Scott Kara: Get off the phone

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Fans of Ed Sheeran raise their phones and cameras as he performs in concert at Vector Arena, Auckland. Photo / Herald on Sunday
Fans of Ed Sheeran raise their phones and cameras as he performs in concert at Vector Arena, Auckland. Photo / Herald on Sunday

There is a small but growing movement in modern music that I fully support. A number of bands and musicians are starting to rebel against people using electronic devices such as phones and cameras at concerts to record, film and take pictures.

That might sound a little churlish. Especially as they're the ones up on stage saying, 'Look at me, look at me'. But the bobbing sea of cameras and phones at concerts - sometimes it's like a baying mass of paparazzi, only worse - has got out of hand.

Though I'm sure the moves are aimed at reducing the amount of crappy live footage ending up on the net, much of the artists' thinking is also about improving the concert experience for their fans.

I've always turned my nose up at people holding their phones aloft and recording lengthy bits of the concert. For starters, my already obscured view (hey, I'm not the tallest guy around) is being further obscured by their third roving eye. By all means take a snap to remind you of that time you saw Mick Hucknall perform at Vector Arena (yes, I went to that show), but please, put your gadget away and enjoy the show in real life rather than through a screen.

Recently, American art metallers Tool placed strongly worded posters outside their two shows at Vector, all but banning people from using mobile devices and cameras.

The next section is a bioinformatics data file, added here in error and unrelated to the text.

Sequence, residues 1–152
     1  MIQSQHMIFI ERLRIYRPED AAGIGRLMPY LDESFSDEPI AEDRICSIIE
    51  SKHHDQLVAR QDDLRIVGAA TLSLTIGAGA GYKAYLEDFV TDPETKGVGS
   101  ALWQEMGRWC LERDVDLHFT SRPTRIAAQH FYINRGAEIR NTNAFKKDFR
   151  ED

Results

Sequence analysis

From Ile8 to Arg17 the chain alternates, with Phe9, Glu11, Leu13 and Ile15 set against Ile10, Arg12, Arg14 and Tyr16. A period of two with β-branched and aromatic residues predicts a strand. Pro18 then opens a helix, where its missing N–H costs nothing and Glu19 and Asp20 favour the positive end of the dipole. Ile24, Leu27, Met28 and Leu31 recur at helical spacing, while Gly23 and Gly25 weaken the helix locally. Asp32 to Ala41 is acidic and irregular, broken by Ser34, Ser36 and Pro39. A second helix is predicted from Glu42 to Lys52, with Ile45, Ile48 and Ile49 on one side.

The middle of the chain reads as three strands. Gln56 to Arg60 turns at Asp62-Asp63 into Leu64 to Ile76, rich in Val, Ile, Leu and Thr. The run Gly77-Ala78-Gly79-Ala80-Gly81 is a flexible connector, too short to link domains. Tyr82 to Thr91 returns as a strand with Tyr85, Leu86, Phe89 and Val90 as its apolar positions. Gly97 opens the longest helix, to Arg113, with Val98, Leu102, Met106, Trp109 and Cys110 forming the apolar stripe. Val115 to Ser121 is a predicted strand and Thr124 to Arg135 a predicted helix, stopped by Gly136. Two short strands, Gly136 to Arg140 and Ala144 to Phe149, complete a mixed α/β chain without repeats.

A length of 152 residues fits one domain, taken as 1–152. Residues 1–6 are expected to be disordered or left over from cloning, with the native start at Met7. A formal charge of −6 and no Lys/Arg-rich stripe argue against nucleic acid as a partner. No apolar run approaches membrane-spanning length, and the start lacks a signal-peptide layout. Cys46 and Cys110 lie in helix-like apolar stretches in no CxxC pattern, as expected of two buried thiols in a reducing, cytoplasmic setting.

At the time I thought, "Typical. What a bunch of pretentious twats". Because they are well known for being pretentious twats, and they wear it like a badge. And initially the security guards who were enforcing the ban threatened to be more annoying than those obsessives who insist on filming concerts. But it took no time for the crowd to get used to it, the security guards' warnings lessened, and we all watched the show with our own two eyes. Amazing. As I said in my review of the show, it made for a refreshing concert-going experience. So sorry for calling you pretentious twats, Tool. You were right.

And there are other bands hopping on the ban-the-cellphone bandwagon too.

All-female British band Savages - check out their debut album, Silence Yourself, it's a scorcher - display a sign at gigs saying, "Let's make the evening special, silence your phones".

And according to singer Jehnny Beth, the lack of cellphone use has added to audience enjoyment.

"Since we put up the signs, there has been an increase in moshpits," she told The Independent recently. "It had become a sort of pollution; you look at the crowd and in key moments when it gets really intense an army of phones goes up."

New York act the Yeah Yeah Yeahs post even more pointed notices at their shows: "Please do not watch the show through a screen on your smart device/camera. Put that shit away as a courtesy to the person behind you and to Nick, Karen and Brian."

The likes of Justin Bieber and Taylor Swift are unlikely to introduce technology bans on their fans, because that picture-taking adoration is all part of their global marketing push. And then there are those blockbusting shows like Coldplay and U2 where they want you to use your phones as ciggy lighters to create a mood, man.

There was no problem with cellphone use at Black Sabbath in April. When Ozzy asked the audience to get their phones out and wave them in the air, the majority of the crowd held aloft their ciggy lighters in a tribute to the old-school.

And though it's fine to take your phone to a concert, and keep it in your pocket, can you please leave your iPad or tablet at home (yes, many of these have also been spied at concerts). Not only do you look like an absolute dork, you're also blocking my view, and that of many others.

Just watch the bloody show would you?

- TimeOut

- NZ Herald

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